As I work with web clients I ask if they will be accepting credit cards… whether online or through a terminal. There are very few businesses that can thrive without accepting a credit card. This is the new fact of life as we move to a cashless society. So, why is there still resistance to accepting credit cards?
I suggest if there’s resistance to card that someone do a Walmart experiment. I have to admit this is my own tactic to see what’s up with cash vs. card. Here’s how it works… you go to the slow line at Walmart on a Friday evening or Saturday morning. You want the long, slow line so you have plenty of time to scope things out. Why Walmart? Because it’s the crossroads of the American marketplace… you’ll see young and old, rich and poor, credit cards and food stamps (and by the way they aren’t paper anymore, food stamps are a plastic card!). What you won’t see much of are checks. When you do see someone writing a check you’ll notice. Believe me, you’ll notice! Writing a check in line at Walmart is enough to gum up the works. You’ll see everything come to a halt while they pull a cashier off another busy aisle who has check approval authority or they search for a manager. Reminder to self, stay out of the line where it looks like someone will be writing a check!
What does this tell us about Walmart and check writers? Walmart views check writers as a puny enough part of their business that they don’t have a plan in place to streamline through checkout.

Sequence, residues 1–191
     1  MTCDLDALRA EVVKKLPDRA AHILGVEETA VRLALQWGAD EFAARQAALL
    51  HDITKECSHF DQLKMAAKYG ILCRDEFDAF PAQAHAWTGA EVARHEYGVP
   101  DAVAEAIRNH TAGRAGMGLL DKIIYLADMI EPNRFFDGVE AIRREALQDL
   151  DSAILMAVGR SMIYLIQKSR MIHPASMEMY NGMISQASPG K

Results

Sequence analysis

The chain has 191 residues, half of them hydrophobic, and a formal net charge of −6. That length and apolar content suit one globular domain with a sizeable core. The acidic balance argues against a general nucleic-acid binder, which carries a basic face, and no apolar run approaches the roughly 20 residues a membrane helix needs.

Studies of the spending behavior of Generation Y reveals they carry less cash and use electronic payments online as well as credit cards to conduct business. If you think Generation Y are kids in high school or college students you need to catch up. I like to think of Bill and Hillary Clinton and their daughter Cheslea to explain generation distinctions. Bill and Hillary are baby boomers and Chelsea is a child of a baby boomer, a Generation Y. Generation Y are the age of college graduates, young married couples and households who have started having families. Is this a generation of clients or customers you want to exclude from your business?
I know what you’re thinking… only young people use electronic payments and credit cards. I was recently in a bank and overheard an 80-year old (probably older) customer having a conversation with the bank manager. It was a pretty loud conversation because of fading hearing, but it was clear she was. Are you thinking this is one senior, well seniors have been thrown into the world of electronic debits and credits by the Federal government—on March 1, 2013 a new law went into effect that all Social Security recipients were required to switch to direct deposit. If money is going into an account via electronic banking it becomes more likely that electronic payments aren’t too far behind.
If you eliminate the young and the old from doing business with you via electronic payments, then what business is there left to do?